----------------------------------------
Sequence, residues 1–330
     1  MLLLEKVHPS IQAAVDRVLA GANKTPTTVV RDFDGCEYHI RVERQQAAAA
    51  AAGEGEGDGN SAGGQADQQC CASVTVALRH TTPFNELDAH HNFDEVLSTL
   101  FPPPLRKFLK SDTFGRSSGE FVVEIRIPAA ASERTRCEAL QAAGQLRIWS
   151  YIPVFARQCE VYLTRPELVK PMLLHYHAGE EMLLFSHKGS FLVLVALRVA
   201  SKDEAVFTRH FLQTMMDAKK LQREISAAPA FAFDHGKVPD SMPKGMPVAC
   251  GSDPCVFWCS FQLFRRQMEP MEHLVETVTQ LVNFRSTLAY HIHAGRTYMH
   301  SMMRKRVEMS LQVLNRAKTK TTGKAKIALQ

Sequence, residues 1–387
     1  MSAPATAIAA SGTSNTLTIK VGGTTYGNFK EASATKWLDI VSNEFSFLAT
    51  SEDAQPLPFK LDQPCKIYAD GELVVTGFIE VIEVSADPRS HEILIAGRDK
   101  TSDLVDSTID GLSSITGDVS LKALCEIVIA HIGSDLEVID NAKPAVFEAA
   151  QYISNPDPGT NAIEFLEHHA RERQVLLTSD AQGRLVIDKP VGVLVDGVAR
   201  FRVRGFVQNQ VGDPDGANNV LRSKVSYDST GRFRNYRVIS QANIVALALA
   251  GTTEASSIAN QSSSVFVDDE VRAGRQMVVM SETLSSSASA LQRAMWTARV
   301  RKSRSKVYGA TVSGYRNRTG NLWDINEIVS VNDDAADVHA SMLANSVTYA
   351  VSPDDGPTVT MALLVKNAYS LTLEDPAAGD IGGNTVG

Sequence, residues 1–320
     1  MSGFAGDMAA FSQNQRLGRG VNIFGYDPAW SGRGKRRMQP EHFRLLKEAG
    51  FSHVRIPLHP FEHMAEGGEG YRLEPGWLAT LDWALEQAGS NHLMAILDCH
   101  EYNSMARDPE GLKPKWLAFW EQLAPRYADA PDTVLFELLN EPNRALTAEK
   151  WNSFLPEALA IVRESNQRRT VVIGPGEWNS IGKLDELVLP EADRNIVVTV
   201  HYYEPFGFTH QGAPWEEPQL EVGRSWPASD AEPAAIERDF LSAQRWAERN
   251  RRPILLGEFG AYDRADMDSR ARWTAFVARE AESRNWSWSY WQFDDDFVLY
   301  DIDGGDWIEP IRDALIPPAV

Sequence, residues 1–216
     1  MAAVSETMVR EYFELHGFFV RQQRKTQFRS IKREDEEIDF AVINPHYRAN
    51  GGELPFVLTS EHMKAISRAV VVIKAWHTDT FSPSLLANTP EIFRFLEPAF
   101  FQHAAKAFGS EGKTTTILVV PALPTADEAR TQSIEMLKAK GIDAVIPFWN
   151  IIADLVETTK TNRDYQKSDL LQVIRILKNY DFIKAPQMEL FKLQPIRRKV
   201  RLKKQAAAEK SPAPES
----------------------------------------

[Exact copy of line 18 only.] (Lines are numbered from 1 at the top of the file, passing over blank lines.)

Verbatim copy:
Sequence, residues 1–320